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How to write a successful SRV application?

July 2022

What to expect in the SRV process

The IPART determination process for special rate variations (SRV) has been in place in New South Wales for just over ten years. Over that time, the assessment criteria have been refined and the process clarified. 70% of NSW councils have gone through the process at least once, but it is still not a day-to-day activity for a local council.

So here are some things to consider when making an application:

  • Have your ducks in a row – the SRV should already be a part of your delivery program and long-term financial plan, and you should be able to demonstrate a history of business improvement and productivity gains (see our previous articles for more on these assessment criteria, such as Integrated Planning and Reporting documentation and productivity).
  • Plan it out – develop a plan for your application process, think strategically about making this strategic decision. Include time for sufficient engagement within council and the community, which needs to include presenting options and analysis of their impacts.
  • Engage early – community engagement on a tax increase is daunting, the best examples of engagement are ones that are done in multiple phases over time.
  • Spend time and analysis on the no SRV scenario – it can be just as important to model and articulate what would happen to the council’s financial sustainability and service levels if the requested SRV is refused.
  • Consider external help – it is not your business as usual, but it is others’ bread and butter. Getting experienced external support to help you through the process and draft the submission can pay dividends in efficiency and successful applications.

Of the five criteria IPART considers for SRV applications, three are key to SRV application process:

  • financial need
  • reasonable impact on ratepayers
  • community engagement and awareness.

Demonstrating the financial need

If you can’t demonstrate the financial need, you don’t have a case for an SRV. Since 2017, only five of the 38 applying councils have not been able to adequately demonstrate the financial need, and four of these had their applications refused. The fifth, who partly demonstrated the financial need, received just over half of what it asked for.

IPART has tended to look at council’s operating performance ratio, net cash position, infrastructure backlog and infrastructure renewal ratio to understand the financial need for the SRV. It considers what gap the SRV is to address, is it to improve declining assets or to maintain services? Is a permanent increase warranted or will a temporary SRV suffice? This depends on the financial needs being addressed.

Here is where spending the effort and time analysing the financial impacts of not obtaining approval for the SRV is important. IPART wants to know whether the council can be sustainable and maintain assets without the SRV when considering this criterion.

Determining reasonable impact on ratepayers

Reasonable impact is not the same as adverse impact. A tax increase will have an adverse impact on ratepayers, but assessing whether it is reasonable considers:

  • the ratepayers’ ability to pay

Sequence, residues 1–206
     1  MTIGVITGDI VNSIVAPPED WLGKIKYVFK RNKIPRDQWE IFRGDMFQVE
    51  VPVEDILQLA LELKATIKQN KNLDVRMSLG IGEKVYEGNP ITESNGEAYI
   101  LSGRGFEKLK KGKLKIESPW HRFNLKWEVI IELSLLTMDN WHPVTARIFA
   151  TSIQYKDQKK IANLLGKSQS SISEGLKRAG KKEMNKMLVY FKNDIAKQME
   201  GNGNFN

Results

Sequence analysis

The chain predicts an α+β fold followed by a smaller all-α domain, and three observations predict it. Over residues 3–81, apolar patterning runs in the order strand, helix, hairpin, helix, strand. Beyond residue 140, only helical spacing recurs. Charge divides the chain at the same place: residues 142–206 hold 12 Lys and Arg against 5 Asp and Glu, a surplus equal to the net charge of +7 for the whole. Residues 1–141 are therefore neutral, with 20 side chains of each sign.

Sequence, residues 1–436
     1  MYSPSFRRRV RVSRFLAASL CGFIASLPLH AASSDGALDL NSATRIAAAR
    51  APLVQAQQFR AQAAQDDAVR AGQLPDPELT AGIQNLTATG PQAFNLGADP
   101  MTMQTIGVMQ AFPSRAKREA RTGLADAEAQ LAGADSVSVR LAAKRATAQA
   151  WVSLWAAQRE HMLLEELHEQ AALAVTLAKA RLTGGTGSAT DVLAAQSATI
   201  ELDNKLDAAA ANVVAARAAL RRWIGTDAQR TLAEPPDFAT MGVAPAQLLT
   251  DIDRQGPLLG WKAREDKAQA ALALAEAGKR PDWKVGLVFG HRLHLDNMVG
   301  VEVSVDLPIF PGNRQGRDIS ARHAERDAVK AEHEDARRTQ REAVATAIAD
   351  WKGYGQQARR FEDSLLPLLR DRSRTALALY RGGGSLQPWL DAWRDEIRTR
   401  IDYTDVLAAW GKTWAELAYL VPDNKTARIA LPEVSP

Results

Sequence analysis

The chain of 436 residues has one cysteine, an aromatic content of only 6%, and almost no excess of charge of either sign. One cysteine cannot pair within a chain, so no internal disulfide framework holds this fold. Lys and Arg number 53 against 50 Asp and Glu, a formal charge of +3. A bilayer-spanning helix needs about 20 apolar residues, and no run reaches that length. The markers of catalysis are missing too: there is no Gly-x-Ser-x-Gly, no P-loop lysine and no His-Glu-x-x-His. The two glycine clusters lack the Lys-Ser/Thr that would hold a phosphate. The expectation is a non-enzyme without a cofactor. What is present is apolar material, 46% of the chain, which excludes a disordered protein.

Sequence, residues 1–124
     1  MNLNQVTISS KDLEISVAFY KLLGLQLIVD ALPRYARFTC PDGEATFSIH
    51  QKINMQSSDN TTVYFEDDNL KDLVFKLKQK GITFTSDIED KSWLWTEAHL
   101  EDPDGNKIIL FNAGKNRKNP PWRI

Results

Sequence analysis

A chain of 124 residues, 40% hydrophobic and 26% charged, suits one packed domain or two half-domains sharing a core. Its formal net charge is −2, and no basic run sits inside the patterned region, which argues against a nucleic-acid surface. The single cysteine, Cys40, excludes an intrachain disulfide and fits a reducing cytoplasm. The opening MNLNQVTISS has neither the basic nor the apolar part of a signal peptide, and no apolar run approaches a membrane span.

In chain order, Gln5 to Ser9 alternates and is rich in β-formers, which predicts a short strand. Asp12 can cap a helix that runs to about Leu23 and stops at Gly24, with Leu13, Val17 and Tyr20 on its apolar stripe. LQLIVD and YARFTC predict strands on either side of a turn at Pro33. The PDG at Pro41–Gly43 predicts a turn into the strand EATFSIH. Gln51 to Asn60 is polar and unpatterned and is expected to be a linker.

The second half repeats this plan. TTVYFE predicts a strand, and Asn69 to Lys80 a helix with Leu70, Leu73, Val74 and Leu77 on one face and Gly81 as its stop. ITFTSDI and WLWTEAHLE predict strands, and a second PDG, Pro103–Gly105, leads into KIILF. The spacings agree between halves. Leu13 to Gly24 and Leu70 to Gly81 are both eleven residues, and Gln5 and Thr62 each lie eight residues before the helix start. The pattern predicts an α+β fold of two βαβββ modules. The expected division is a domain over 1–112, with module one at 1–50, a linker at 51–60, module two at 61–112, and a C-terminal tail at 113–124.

• the ratepayers’ willingness to pay when considering the financial need being addressed.

This criterion has generally been met by councils, only two of the 47 applications made since 2017 have partly demonstrated this criterion and none have not met it at all. However, in 2019, Dungog Shire Council received only a part of its requested SRV, due uncertainty of longer-term forecasts in the context of the substantial impact on ratepayers. This was deemed sufficient to reduce the council’s SRV to 76% over five years from the requested 97.8% over seven years.

IPART will generally consider the council’s current rates per rating category in relation to other councils within their Office of Local Government grouping. If an SRV is aimed at specific ratings categories, IPART will look at whether this is reasonable in terms of both capacity to pay and equity considerations.

IPART also consider the socio-economic indicators for the council area, as well as the financial hardship policy that council has in place.

Community engagement and awareness

While the IPART process is open for public submission and consultation, it is imperative that councils undertake and report on their own engagement before submitting their SRV application. Since 2017, three applications didn’t meet this criterion and all three were refused. One partly demonstrated adequate awareness and received only a part approval.

Being clear on the detail with the community is critical. In 2019, Lithgow City Council applied for a cumulative permanent increase in rates of 11.7%. However, in their community engagement they articulated a 9% nominal increase as the SRV application. As a result, in an application that adequately demonstrated all the other criteria, IPART approved a permanent SRV at a cumulative rate of 9%.

In any SRV application, a council has to demonstrate that it has consulted with its community on the proposed increase. This includes:

  • How has council engaged with the community? Did they have and execute a clear plan?
  • Has it been clear with the community on the need for the SRV?
  • Is the amount of the SRV clearly articulated?
  • Has it engaged specifically with groups that may be more impacted by the SRV? That is, if the SRV is focused on business rates, have businesses been adequately engaged in the process?
  • Has feedback been received and integrated into the engagement process and the application?

For further information and/or a confidential chat about your SRV application needs, please contact Greg Smith (0407 294 765) or Janine McKenzie (0415 444 225).